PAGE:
Cash Flow Statement

 

 

Year Ended

31 December 2019

Year Ended

31 December 2018

 

£'000

£'000

£'000

£'000

Cash flows from operating activities

 

 

 

 

Net return on ordinary activities before taxation

108,780 

 

(15,846)

 

Net (gains)/losses on investments - securities

(95,135)

 

31,218 

 

Net gains on investments - property

(619)

 

(3,181)

 

Currency losses

56 

 

159 

 

Finance costs of borrowings

5,629 

 

5,674 

 

Overseas withholding tax

(1,214)

 

(1,053)

 

Changes in debtors and creditors

183 

 

(828)

 

Other non-cash changes

 

(83)

 

Cash from operations

 

17,683 

 

16,060 

Interest paid

 

(6,400)

 

(6,400)

Net cash inflow from operating activities

 

11,283 

 

9,660 

Cash flows from investing activities

 

 

 

 

Acquisitions of investments

(125,115)

 

(85,572)

 

Disposals of investments

104,399 

 

78,216 

 

Net cash outflow from investing activities

 

(20,716)

 

(7,356)

Cash flows from financing activities

 

 

 

 

Equity dividends paid (note 5)

(17,006)

 

(15,764)

 

Shares issued (note 7)

26,488 

 

18,189 

 

Net cash inflow from financing activities

 

9,482 

 

2,425 

Increase in cash and cash equivalents

 

49 

 

4,729 

Exchange movements

 

(56)

 

(159)

Cash and cash equivalents at 1 January (note 9)

 

7,464 

 

2,894 

Cash and cash equivalents at 31 December* (note 9)

 

7,457 

 

7,464 

 

*      Cash and cash equivalents represent cash at bank and short term money market deposits repayable on demand.

 

The accompanying notes at the end of this document are an integral part of the Financial Statements.

 

 

*       

Asset Allocation

 

                                           

At 31 December 2019

%

 

At 31 December 2018

%

 

Quoted equities

84.7

 

 

79.9

Bonds

2.0

 

4.3

Direct property

12.4

 

14.7

Net liquid assets

0.9

 

1.1

Total assets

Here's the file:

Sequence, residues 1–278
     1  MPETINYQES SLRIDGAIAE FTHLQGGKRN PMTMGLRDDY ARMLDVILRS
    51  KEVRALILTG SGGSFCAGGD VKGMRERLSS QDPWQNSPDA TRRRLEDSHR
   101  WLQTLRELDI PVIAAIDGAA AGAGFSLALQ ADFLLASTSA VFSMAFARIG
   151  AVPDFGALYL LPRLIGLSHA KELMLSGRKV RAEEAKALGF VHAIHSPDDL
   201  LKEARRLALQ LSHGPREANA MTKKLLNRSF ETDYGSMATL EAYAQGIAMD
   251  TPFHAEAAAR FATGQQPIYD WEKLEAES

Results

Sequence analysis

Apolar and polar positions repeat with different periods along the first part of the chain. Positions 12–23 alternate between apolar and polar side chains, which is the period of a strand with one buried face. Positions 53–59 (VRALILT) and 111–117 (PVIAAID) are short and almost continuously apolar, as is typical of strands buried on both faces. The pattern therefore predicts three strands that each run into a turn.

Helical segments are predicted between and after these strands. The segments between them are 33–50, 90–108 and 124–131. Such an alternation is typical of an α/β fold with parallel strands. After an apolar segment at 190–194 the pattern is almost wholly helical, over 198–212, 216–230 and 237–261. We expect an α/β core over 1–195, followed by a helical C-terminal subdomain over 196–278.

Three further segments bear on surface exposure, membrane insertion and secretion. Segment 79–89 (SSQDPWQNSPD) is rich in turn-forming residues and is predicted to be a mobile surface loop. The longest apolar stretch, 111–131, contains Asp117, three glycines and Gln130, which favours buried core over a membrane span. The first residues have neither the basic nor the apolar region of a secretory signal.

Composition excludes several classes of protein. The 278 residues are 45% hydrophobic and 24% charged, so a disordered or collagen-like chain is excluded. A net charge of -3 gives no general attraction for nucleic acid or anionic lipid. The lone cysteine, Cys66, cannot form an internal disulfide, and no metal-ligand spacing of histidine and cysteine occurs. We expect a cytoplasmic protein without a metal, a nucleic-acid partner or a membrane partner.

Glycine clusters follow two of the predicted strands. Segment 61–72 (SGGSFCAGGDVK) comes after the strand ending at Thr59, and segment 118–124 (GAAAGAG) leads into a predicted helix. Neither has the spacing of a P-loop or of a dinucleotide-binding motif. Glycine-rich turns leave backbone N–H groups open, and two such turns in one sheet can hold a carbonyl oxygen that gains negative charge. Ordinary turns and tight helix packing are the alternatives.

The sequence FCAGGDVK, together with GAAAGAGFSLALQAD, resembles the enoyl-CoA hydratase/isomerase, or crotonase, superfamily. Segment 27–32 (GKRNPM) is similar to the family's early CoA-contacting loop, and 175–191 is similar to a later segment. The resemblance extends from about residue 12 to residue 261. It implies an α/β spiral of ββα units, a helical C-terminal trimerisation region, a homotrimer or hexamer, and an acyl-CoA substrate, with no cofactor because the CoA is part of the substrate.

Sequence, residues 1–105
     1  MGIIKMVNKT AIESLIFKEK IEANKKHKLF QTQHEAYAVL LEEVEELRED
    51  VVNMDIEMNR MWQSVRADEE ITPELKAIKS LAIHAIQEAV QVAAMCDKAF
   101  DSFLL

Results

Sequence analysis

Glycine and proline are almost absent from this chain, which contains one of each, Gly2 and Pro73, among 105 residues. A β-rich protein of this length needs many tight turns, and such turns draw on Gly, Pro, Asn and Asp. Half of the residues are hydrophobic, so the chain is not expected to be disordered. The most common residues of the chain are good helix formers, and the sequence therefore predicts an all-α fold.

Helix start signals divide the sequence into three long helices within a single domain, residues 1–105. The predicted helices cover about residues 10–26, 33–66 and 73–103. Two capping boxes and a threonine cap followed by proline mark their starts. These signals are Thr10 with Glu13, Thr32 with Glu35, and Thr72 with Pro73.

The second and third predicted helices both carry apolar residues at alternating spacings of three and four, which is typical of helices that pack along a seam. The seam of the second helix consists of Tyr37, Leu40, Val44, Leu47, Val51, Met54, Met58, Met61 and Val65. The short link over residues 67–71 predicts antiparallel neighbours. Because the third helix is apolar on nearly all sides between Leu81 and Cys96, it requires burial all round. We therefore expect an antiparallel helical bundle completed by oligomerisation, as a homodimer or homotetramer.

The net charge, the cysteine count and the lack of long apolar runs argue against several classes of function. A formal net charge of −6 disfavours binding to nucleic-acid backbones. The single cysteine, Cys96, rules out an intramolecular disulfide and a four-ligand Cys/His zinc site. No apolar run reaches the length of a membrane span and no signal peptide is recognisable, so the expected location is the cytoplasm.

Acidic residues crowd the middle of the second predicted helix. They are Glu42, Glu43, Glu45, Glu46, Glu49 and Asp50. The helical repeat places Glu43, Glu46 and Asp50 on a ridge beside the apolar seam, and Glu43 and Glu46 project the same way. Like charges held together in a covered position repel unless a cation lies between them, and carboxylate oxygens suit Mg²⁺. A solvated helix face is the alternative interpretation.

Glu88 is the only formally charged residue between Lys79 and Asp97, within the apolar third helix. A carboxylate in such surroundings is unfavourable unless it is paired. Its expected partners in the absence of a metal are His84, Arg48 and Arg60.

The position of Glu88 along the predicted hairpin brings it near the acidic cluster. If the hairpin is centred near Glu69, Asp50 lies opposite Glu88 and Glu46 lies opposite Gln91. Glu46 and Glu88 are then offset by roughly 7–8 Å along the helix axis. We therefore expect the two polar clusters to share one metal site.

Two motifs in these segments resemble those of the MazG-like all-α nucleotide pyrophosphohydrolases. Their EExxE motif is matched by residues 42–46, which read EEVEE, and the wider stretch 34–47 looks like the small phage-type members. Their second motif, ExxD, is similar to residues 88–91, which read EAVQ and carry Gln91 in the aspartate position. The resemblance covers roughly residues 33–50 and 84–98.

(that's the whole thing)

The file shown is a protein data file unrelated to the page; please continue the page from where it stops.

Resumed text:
100.0

 

100.0

 

 

 

 

 

List of Investments at 31 December 2019

 

Name

Business

Value

£'000

% of
total assets

Coca Cola

Beverage manufacturer

18,789

2.8

Roche Holdings

Pharmaceuticals

17,916

2.6

Procter & Gamble

Household product manufacturer

17,514

2.6

Deutsche Boerse

Securities exchange owner/operator

16,217

2.4

Fastenal

Distribution and sales of industrial supplies

15,217

2.2

Sonic Healthcare

Laboratory testing

15,125

2.2

Microsoft

Computer software

14,867

2.2

Pepsico

Snack and beverage manufacturer

14,688

2.2

Edenred

Voucher programme outsourcer

14,597

2.1

B3 S.A.

Securities exchange owner/operator

14,254

2.1

Nestlé

Food producer

14,088

2.1

Taiwan Semiconductor Manufacturing

Semiconductor manufacturer

13,977

2.0

Admiral

Car insurance

13,768

2.0

Partners Group

Asset management

13,140

1.9

Experian

Credit scoring and marketing services

12,425

1.8

GlaxoSmithKline

Pharmaceuticals, vaccines and consumer healthcare

12,034

1.8

Prudential

Life insurer

12,019

1.8

CH Robinson

Delivery and logistics

11,951

1.7

United Parcel Service

Courier services

11,729

1.7

Analog Devices

Integrated circuits

10,691

1.6

Atlas Copco

Engineering

10,450

1.5

Kuhne + Nagel

Worldwide freight forwarder

10,253

1.5

Anta Sports Products

Sportswear manufacturer and retailer

10,112

1.5

McDonald's

Fast food restaurants

9,641

1.4

Total

Integrated oil company

9,565

1.4

Kering

Luxury brand conglomerate

9,164

1.3

Wolters Kluwer

Information services and solutions provider

9,081

1.3

Schneider Electric

Electrical power products

8,882

1.3

AVI 

Staple foods manufacturer

8,811

1.3

Novo Nordisk

Pharmaceutical company

8,805

1.3

Greencoat UK Wind

UK wind farms

8,446

1.3

United Overseas Bank

Commercial banking

8,444

1.2

Watsco

Distributes air conditioning, heating and refrigeration equipment

8,432

1.2

British American Tobacco

Cigarette manufacturer

8,391

1.2

Kimberly-Clarke De México

Paper-based household products